The biggest shareholder of the rural services company PGG Wrightson has been forced to reduce its stake and faces court fines after action by the Overseas Investment Office (OIO).
The OIO said it had reached a settlement with the Chinese owned, but Singapore based Agria Corp firm, after an inquiry into whether it had breached the good character rules.
Foreign investors must meet and maintain standards of corporate and personal behaviour, which includes whether they have had legal or regulatory issues overseas.
The OIO had been investigating Agria and its head, Alan Lai, after they were involved with US regulators over alleged fraudulent accounting and market manipulation.
Earlier this month, Agria settled claims with the United States Securities and Exchange Commission over the allegations.
It resulted in the company paying $US3 million ($NZ4.4m), and Mr Lai $US400,000, ($NZ590,000) although there were no admissions of liability.
"The settlement agreement required Agria to sell down below its 50.2 percent interest in PGG Wrightson, which it has now done. The settlement also provided for penalty proceedings to be filed in the High Court," the OIO said in a statement.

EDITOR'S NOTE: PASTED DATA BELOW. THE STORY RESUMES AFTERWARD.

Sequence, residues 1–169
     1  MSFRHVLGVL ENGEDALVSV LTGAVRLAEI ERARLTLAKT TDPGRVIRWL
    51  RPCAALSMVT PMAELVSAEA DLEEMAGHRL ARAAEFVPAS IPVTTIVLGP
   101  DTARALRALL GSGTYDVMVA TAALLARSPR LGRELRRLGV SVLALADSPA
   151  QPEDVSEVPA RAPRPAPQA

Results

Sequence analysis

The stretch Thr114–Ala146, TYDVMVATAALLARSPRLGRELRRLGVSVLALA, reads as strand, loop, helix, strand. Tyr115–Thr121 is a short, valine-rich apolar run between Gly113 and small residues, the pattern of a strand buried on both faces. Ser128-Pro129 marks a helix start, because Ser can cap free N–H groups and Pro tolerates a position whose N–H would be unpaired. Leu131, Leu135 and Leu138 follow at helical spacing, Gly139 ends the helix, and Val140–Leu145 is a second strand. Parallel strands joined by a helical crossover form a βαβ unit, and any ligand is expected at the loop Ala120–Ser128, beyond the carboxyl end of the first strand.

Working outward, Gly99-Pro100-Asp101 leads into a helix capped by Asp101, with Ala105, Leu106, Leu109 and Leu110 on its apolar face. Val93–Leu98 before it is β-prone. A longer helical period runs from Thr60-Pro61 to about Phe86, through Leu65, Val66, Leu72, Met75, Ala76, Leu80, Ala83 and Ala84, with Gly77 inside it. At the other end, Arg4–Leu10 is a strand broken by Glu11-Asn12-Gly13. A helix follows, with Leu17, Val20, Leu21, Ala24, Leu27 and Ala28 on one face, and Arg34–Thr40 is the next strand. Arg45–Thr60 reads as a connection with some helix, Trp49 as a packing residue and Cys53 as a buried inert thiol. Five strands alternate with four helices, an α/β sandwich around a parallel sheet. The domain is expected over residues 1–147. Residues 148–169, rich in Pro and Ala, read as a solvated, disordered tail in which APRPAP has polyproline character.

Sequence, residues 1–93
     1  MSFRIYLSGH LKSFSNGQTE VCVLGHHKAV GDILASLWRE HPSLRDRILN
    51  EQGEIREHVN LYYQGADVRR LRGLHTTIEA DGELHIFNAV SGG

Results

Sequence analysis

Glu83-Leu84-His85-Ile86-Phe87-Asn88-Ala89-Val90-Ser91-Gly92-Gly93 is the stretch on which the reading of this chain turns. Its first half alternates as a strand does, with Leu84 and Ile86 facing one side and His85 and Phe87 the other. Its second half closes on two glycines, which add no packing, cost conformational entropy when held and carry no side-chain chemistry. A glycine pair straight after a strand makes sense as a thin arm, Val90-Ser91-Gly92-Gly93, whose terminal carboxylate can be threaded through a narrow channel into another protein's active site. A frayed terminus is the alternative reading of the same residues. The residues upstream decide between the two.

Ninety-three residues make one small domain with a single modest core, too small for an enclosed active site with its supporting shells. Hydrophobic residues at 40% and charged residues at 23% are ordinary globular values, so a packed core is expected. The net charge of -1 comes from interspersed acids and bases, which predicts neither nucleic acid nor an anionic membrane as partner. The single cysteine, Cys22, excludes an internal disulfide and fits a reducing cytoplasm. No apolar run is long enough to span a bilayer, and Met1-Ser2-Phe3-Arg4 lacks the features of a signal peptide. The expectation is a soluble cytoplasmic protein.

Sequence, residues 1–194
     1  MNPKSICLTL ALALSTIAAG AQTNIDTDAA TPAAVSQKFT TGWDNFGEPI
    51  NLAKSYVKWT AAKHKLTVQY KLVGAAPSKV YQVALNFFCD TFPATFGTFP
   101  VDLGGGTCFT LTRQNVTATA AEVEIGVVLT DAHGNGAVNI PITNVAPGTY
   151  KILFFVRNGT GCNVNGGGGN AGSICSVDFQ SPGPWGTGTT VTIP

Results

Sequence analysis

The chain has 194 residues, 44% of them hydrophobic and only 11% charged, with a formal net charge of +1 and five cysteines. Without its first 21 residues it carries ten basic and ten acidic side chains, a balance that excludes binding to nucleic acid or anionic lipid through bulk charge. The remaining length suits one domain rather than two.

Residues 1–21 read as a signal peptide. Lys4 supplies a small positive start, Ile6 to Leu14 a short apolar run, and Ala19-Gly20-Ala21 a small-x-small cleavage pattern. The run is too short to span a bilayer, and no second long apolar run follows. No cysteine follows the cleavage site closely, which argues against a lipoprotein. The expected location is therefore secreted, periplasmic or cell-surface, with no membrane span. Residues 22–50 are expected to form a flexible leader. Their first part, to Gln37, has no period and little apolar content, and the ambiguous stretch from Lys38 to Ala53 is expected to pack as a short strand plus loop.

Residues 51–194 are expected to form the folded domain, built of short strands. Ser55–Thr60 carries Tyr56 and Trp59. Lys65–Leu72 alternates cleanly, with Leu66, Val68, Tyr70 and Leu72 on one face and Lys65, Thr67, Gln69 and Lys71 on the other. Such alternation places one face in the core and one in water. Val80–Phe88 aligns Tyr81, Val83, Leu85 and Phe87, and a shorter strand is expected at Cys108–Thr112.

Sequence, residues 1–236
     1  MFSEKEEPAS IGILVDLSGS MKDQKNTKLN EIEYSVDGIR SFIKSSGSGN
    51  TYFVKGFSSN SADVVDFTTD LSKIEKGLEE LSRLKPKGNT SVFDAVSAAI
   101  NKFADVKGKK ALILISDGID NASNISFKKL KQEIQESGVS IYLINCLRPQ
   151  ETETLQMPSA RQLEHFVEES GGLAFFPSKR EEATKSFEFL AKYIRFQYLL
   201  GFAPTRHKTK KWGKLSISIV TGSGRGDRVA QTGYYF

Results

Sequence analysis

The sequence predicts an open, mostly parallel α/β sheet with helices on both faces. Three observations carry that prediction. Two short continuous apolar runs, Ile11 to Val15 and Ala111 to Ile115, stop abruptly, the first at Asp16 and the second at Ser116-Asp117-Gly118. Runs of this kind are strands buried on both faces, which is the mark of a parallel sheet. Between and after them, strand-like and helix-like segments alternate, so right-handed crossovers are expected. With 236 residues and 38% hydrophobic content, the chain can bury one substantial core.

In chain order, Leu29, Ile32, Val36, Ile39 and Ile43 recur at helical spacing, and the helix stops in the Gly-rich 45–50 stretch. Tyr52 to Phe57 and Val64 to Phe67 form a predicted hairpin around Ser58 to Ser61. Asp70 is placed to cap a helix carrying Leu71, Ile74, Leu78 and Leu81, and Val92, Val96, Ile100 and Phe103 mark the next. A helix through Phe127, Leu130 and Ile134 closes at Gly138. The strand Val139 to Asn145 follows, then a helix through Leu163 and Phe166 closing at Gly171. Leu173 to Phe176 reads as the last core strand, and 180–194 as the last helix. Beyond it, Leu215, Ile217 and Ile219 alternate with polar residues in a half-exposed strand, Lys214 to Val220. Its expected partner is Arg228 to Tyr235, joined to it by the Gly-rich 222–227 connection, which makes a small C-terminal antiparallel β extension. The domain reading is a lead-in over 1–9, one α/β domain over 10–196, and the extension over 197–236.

Agria's stake in PGG Wrightson has fallen to 46.6 percent. Ngāi Tahu Capital, which was in a joint venture with Agria, has now become an independent shareholder with a 3.6 percent stake.
None of the allegations about Agria or Mr Lai involved PGG Wrightson, but the local independent directors said they had been keeping a watch on developments.
Agria first invested in PGG Wrightson in 2009 and took majority control in 2011.